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Mackenzie Dalton
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This article addressed many politician's and people's main concerns with implementing a carbon tax. People complain that a carbon tax would not be cost effective but as we have discussed in class and the article points out, we are not being cost effective now. We aren't paying the actual cost now and are causing more damage than if the actual cost was internalized. Our markets are not efficient and are causing a market failure. A carbon tax could help fix this cost effectiveness problem. People also believe that a carbon tax would hurt the poor people and poor countries disproportionally. However, poor countries are going to have most of the harm done to them if global climate change continues. A carbon tax could be a regressive tax based on income in the United States. Also profits made from a tax on a national and international scale could be given to help mitigate the effects of global climate change on the poorer countries. This carbon tax wouldn't hurt the poor instead it could help them. Although, developing a tax on the national or global scale is very important to start addressing climate change, it is going to be very difficult to convince the United States that it is necessary. However, this article does a good job at analyzing the benefits associated with a carbon tax.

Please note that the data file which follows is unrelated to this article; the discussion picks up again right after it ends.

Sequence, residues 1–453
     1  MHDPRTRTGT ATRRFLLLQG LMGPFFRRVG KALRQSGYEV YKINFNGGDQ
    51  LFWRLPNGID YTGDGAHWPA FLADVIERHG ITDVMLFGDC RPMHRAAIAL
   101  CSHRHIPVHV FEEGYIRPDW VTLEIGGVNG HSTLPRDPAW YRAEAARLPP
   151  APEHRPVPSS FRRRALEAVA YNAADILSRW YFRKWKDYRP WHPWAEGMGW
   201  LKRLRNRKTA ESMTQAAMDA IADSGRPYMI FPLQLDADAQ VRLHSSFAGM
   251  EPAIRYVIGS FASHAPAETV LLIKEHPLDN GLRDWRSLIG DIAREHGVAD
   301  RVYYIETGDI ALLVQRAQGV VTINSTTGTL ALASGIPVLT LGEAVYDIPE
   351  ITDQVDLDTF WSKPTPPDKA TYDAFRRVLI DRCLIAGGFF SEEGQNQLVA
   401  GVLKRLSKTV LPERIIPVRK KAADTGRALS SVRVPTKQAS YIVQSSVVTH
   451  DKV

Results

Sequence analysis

Toggle Commented Mar 30, 2016 on ECON 255 for next Thursday at Jolly Green General